Reiss: Worth the Wait

The Reiss app was launched recently, a delay which was probably due to the designers planning how they could make this app truly exceptional. Needless to say, they've done a fantastic job. The app is transactional, easy, sophisticated and simple. What more could a consumer ask for?!

The menu screen loads to display a vertical list of blocked options, beginning with shopping areas, moving through promotional imagery to the blog space. The colours are neutral and modern, and reflect the brands sophisticated personality.

The app caters for Reiss's male and female clientele; a simple feature that many apps have yet to integrate. The user can select to enter the women's or men's collection area to browse.

The clothes are listed vertically, displaying their product name, a small description and a price, to offer the most useful information to the consumer on first look. It is perhaps a neater way of allowing the consumer to browse efficiently, rather than the user having to click each item they like in order to then find how much it may cost.

After selecting the product they prefer, the user is taken to the product page. They are here offered a large image of the product, with a description. On first appearance, it looks as though the product is going to lack any information concerning it's fit and fabric, yet after a short inspection, this information can be found tucked away behind the 'buy' button. In terms of interactive viewing functions, the app offers a front, back and modelled view of the product via a scroll to the right or left. By tapping the product, the text moves away to display a full page view of the garment, which can then be zoomed and enlarged by the user. This seems to be ticking all of the boxes so far...

Additionally, a help button is placed at the bottom of the page, that offers the concerned consumer advice as to delivery, returns, contact numbers, as well as terms and conditions. As I mentioned in my previous post about Mango, this sort of information is truly necessary, as you must assume that the consumer is buying from you for the first time. I know from my own experiences that I will only buy if I am aware of the returns procedure, and I'm sure I'm not alone in this.

When the user chooses to 'Buy' the item, as I mentioned previously, the screen displays extra product information, and the ability to choose the size and colour. The user can also choose to share the item with social networks and add the product to their bag. I guess having the information tucked away in this area maintains a clean and simple format to the garment page, yet I'm sure that some customers would not find the information on first use. Yet, that is the chance you have to take for sleek design. I happen to love it.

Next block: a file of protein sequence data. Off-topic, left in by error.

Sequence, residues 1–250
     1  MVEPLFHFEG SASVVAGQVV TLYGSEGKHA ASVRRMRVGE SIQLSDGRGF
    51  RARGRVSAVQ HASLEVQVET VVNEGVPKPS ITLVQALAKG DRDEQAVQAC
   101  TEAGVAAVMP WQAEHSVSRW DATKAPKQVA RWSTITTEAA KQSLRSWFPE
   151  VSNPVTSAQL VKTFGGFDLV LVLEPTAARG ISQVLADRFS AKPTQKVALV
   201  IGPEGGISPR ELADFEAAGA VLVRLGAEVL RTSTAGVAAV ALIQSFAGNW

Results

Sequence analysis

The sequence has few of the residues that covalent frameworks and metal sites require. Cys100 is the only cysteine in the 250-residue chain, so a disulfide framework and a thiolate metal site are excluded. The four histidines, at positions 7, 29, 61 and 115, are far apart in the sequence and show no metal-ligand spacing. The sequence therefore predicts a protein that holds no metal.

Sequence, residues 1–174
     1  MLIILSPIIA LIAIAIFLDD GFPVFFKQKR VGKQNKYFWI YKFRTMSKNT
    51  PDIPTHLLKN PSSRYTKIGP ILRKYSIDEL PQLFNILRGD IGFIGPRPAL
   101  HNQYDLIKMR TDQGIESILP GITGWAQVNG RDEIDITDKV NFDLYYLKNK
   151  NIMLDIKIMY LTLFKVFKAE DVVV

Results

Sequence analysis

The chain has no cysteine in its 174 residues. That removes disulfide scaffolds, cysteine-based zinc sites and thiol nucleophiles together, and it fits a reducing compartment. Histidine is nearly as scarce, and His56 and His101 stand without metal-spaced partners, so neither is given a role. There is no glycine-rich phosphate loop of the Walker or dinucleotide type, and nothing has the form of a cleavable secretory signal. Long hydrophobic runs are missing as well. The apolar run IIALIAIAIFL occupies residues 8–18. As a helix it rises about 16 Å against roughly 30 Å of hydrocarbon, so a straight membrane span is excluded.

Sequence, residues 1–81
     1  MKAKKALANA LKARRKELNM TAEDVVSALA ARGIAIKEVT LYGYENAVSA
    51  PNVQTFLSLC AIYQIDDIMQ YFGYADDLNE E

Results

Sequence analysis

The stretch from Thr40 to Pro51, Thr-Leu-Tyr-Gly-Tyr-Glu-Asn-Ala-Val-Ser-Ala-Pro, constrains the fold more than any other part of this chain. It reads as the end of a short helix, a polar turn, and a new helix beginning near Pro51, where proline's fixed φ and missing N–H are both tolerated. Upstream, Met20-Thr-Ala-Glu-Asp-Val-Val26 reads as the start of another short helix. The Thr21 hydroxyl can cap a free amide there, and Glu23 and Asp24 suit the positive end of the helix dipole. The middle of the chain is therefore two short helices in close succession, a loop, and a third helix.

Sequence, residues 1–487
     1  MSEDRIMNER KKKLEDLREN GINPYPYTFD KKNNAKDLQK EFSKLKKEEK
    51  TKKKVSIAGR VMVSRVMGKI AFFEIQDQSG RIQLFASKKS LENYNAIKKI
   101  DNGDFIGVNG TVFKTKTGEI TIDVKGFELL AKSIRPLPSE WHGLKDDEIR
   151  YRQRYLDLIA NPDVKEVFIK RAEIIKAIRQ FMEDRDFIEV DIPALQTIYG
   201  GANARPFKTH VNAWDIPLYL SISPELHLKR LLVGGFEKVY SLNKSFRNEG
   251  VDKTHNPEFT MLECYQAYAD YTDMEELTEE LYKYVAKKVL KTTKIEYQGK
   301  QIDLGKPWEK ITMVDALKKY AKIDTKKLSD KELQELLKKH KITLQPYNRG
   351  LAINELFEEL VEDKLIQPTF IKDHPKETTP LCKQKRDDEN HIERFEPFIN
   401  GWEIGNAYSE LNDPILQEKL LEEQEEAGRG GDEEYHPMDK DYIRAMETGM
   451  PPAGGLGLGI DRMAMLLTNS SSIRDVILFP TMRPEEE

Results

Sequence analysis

The second feature on the app is the Lookbook promotional area.

Here the user can view both the men's and women's 'Mainline' and '1971' ranges. The Lookbook consists of promotional catwalk images of the clothing ranges, and the feature that I love - the products modelled can be bought directly from the image. As the user is scrolling horizontally through each image individually, they have the option to 'Buy' the products. Perfect.

The app has also integrated a convenient sale section, again separated into both women's and menswear.

The store locator allows the user to find the nearest Reiss stores, separated into the 'nearest stores' and 'all stores'. The nearest stores area operates using GPS; yet only if the user allows the app to access their location.

The SS11 Campaign feature is again split into men's and womenswear campaign imagery. Here, the most stunning and elegant imagery, shot for Reiss's latest promotional campaigns, are displayed for inspiration. These images are strictly for this purpose, and not necessarily for linking to purchase. The user scrolls horizontally through each image.

At the bottom of the main menu, the user can find the Reiss blog. Stylishly presented, the Blog epitomises the Reiss persona. Very modern, slick and simple. Each blog post is placed above the next in a rectangular banner that displays it's date and first blog line, encouraging the user to read more. After selection, the blog post opens to a full screen, and the user can scroll down the page to view more. The blog is maintained and updated every other day or so, and includes well-photographed, colourful, behind the scenes imagery and information. Of all the retail blogs I have seen, this really utilises rich information and imagery professionally and effectively.

Overall, the app ticks a lot of boxes. It is transactional and has utilised a few interactive product viewing functions. It also uses a few quick buy options such as the ability to purchase items from the lookbook and the ease of use of the ordinary purchasing pages. It has also integrated a sleek and stylish blog filled with an abundance of beautiful photographs and information. With the lookbook and campaign imagery, they are promoting their products from every angle, and it is definitely working. For this reason, I am awarding the app an undoubted 4.5 out of 5.

All images screenshot from the Reiss app, July 2011.

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